Moving right along, I had been meaning to reread Gas Smells Awful for a while. Though I do not recommended it to people who are scared of crazy ladies and postmodern theory, Gas Smells Awful is probably one of the best books by a raving nutbag for raving nutbags ever written. I am a raving nutbag, and I need help. Gas Smells Awful provides this desperately needed help not only through its practical advice regarding the usefulness of Nietschze and witchcraft as an adjunct to traditional methods of treating mental illness, but also simply by reassuring one that one is not alone, and that things will get better. Indeed, is a great source of hope that if Ms Razer has managed to overcome her mental infirmities to become and remain the impressive and respected cultural critic that she is, then perhaps I too may one day realise my dreams of transcending the blogosphere to exchange my opinionated rantings and/or more nuanced written work for cash money.
I began reading posthaste, and was delighted to find this passage which reflected my current bibliophillic activities, and my proclivity for collecting in general and the role it plays in my life:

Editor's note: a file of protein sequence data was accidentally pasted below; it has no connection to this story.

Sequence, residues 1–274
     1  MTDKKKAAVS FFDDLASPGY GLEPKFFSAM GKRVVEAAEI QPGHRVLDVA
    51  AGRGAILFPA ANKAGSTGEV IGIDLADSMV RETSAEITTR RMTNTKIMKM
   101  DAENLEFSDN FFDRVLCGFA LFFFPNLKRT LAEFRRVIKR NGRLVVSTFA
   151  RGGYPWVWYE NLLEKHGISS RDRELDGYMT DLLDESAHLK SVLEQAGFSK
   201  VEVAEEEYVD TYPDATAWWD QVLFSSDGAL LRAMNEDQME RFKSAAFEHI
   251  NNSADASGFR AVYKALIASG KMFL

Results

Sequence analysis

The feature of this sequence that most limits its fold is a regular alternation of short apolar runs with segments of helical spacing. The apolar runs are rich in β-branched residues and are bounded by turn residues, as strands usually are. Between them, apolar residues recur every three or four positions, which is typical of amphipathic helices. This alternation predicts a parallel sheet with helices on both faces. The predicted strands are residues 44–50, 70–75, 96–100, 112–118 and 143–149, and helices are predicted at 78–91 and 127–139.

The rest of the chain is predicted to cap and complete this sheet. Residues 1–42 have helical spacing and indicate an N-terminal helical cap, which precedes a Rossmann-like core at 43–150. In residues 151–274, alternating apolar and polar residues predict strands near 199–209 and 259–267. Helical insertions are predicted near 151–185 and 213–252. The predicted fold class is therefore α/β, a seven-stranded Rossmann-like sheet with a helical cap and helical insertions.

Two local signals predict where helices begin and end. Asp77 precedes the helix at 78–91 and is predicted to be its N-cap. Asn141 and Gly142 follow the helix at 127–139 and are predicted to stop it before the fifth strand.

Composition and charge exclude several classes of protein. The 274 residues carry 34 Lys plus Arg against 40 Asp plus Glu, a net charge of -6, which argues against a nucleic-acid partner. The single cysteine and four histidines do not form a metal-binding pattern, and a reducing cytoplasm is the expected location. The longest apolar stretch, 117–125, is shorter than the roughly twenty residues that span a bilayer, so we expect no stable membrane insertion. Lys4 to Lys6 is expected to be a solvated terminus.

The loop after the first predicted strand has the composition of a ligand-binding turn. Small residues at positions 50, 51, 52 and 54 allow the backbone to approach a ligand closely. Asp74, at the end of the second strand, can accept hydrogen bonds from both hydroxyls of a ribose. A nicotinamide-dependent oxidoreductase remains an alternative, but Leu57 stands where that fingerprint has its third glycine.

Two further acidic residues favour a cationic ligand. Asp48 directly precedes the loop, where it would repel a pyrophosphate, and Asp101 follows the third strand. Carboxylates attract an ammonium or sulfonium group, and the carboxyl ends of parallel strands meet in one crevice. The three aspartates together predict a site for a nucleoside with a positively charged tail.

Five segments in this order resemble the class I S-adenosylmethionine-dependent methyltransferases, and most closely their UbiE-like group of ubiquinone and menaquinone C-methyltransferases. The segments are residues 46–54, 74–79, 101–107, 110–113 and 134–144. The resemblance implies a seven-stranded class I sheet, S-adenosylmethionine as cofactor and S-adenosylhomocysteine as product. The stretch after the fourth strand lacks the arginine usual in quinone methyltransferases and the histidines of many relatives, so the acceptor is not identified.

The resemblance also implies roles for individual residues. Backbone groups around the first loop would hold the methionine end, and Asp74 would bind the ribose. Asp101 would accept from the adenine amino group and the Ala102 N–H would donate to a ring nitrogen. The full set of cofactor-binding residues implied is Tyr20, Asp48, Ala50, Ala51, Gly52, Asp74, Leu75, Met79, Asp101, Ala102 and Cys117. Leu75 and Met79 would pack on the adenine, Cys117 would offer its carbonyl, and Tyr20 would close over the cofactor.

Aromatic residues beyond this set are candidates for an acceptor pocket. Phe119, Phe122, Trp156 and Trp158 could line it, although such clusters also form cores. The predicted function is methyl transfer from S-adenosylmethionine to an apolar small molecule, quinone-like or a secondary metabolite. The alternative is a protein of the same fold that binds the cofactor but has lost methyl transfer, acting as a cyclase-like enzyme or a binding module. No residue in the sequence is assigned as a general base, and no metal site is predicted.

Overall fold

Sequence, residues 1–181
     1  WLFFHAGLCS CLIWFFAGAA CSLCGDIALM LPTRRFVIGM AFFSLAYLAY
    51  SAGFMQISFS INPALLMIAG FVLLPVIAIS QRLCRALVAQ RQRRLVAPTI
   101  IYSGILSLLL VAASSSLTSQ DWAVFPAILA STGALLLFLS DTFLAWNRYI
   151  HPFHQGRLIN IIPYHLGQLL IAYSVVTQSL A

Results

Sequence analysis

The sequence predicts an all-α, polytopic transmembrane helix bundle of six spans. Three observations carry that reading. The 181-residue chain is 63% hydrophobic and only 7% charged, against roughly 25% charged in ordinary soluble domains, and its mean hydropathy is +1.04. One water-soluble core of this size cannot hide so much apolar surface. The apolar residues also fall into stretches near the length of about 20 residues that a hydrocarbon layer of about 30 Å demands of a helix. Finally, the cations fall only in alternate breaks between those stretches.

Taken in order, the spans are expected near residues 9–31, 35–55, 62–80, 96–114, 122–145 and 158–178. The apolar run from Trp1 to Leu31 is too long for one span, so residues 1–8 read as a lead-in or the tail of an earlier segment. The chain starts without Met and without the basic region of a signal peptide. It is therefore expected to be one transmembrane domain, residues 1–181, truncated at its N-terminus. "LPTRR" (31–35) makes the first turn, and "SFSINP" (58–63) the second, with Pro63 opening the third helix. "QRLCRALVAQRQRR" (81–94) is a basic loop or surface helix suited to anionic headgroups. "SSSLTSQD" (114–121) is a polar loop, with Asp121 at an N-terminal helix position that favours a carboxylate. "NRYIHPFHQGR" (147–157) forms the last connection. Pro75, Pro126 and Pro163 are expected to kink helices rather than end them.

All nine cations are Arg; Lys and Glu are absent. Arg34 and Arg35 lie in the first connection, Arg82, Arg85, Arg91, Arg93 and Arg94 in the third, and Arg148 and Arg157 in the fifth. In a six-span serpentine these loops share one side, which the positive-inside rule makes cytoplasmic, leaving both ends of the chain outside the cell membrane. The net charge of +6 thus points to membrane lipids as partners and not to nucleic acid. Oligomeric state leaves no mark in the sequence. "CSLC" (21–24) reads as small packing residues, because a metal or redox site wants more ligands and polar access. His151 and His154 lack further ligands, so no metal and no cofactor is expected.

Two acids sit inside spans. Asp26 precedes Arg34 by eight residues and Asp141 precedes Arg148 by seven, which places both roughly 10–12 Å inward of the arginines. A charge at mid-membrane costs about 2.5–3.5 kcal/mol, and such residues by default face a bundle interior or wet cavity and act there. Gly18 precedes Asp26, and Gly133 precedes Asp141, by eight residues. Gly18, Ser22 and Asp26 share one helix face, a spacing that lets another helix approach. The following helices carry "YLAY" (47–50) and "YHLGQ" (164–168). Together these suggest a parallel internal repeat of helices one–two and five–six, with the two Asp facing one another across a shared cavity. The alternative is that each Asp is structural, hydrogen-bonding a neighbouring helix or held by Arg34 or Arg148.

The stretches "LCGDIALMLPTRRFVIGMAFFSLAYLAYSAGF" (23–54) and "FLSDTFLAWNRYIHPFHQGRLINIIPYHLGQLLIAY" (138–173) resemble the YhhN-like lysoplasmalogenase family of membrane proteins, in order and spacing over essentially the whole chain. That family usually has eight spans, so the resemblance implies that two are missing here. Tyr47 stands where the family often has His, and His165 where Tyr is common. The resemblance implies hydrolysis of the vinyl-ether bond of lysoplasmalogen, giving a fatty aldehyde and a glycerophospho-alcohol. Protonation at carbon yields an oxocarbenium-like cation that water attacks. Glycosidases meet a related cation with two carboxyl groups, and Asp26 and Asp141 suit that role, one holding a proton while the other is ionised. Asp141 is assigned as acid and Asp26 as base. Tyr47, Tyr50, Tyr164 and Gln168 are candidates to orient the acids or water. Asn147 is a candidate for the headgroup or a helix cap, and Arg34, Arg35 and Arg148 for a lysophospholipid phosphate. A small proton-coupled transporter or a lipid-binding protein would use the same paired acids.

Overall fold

The things one collects, the objects and articles and remnants from pop or high culture one prizes, can offer great solace. I was recently reminded of this by a Walter Benjamin Essay called ‘Unpacking My Library’ which a friend suggested I read when I was moving my own book collection. I had asked this person, who as a particular interest in Teutonic-type philosophy, ‘Why am I getting off on reorganising my books so much? Am I, like, some materialist capitalist object-fetishising pig dog?’ Fortunately, this bloke said that no, I was merely reveling in the anarchy of memories. Well, jolly good. Hate to be a capitalist object-fetishising pig dog. Benjamin asserts that we build a dwelling of the artefacts we adore and disappear within them. That our precious bits and pieces, in all their chaos, can confer a sense of order and comfort.